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Barns On Stilts

Barns On Stilts

A stone's throw away from Santiago de Compostela, I took this picture of a hórreo — a kind of granary built above ground and characteristic of Spain's northwestern Galicia region.

The pillars end in flat stones to prevent rats from accessing the grain stored there. When I took this shot in the month of July, the hórreo was empty.

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Geopolitics

Senegal's Democratic Unrest And The Ghosts Of French Colonialism

The violence that erupted following the sentencing of opposition politician Ousmane Sonko to two years in prison left 16 people dead and 500 arrested. This reveals deep fractures in Senegalese democracy that has traces to France's colonial past.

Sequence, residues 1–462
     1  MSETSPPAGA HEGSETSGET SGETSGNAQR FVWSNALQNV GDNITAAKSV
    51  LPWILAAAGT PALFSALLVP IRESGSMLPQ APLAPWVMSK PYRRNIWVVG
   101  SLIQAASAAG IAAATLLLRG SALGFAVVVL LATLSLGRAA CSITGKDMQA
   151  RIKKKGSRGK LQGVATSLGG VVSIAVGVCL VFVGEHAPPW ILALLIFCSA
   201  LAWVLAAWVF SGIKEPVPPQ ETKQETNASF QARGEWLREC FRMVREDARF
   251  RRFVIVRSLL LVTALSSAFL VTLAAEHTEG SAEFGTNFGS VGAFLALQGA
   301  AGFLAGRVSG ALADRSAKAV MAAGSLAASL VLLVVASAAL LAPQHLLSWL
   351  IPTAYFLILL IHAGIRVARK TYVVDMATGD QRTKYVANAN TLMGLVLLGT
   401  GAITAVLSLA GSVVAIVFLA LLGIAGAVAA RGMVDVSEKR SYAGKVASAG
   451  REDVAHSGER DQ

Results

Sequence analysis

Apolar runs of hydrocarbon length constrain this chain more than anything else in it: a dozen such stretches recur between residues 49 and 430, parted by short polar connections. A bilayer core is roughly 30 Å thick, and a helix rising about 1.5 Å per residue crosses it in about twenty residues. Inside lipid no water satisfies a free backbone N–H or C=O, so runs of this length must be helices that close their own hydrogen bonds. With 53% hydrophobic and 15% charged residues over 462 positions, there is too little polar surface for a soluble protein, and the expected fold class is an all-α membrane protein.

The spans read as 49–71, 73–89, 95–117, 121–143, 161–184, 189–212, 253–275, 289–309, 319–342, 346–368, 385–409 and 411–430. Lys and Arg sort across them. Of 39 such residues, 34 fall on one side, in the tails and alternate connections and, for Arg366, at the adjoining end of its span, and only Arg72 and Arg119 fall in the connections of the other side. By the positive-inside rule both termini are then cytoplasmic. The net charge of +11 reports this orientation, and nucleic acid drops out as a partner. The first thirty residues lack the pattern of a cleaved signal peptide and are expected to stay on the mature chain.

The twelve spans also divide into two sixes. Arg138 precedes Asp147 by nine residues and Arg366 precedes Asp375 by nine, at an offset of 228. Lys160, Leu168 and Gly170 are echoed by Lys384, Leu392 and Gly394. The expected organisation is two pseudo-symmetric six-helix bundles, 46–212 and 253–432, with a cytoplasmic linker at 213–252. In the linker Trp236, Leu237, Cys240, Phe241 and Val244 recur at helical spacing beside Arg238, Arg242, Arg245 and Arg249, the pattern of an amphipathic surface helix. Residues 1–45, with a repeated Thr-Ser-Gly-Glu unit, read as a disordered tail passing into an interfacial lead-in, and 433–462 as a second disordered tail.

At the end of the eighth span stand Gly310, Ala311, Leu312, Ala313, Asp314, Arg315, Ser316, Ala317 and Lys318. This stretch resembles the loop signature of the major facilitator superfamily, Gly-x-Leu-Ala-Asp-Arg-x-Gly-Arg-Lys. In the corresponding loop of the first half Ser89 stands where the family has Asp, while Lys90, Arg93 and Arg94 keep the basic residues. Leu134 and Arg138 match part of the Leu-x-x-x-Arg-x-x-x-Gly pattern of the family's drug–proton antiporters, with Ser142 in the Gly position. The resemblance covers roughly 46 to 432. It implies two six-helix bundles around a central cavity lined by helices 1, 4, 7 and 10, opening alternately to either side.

Image of Senegalese ​Protesters celebrating Sonko being set free by the court, March 2021

Protesters celebrate Sonko being set free by the court, March 2021

Pierre Haski

-Analysis-

PARIS — For a long time, Senegal had the glowing image of one of Africa's rare democracies. The reality was more complicated than that, even in the days of the poet-president Léopold Sedar Senghor, who also had his dark side.

But for years, the country has been moving down what Senegalese intellectual Felwine Sarr describes as the "gentle slope of... the weakening and corrosion of the gains of Senegalese democracy."

This has been demonstrated once again over the last few days, with a wave of violence that has left 16 people dead, 500 arrested, the internet censored, and a tense situation with troubling consequences. The trigger? The sentencing last Thursday of opposition politician Ousmane Sonko to two years in prison, which could exclude him from the 2024 presidential elections.

Young people took to the streets when the verdict was announced, accusing the justice system of having become a political tool. Ousmane Sonko had been accused of rape but was convicted of "corruption of youth," a change that rendered the decision incomprehensible.

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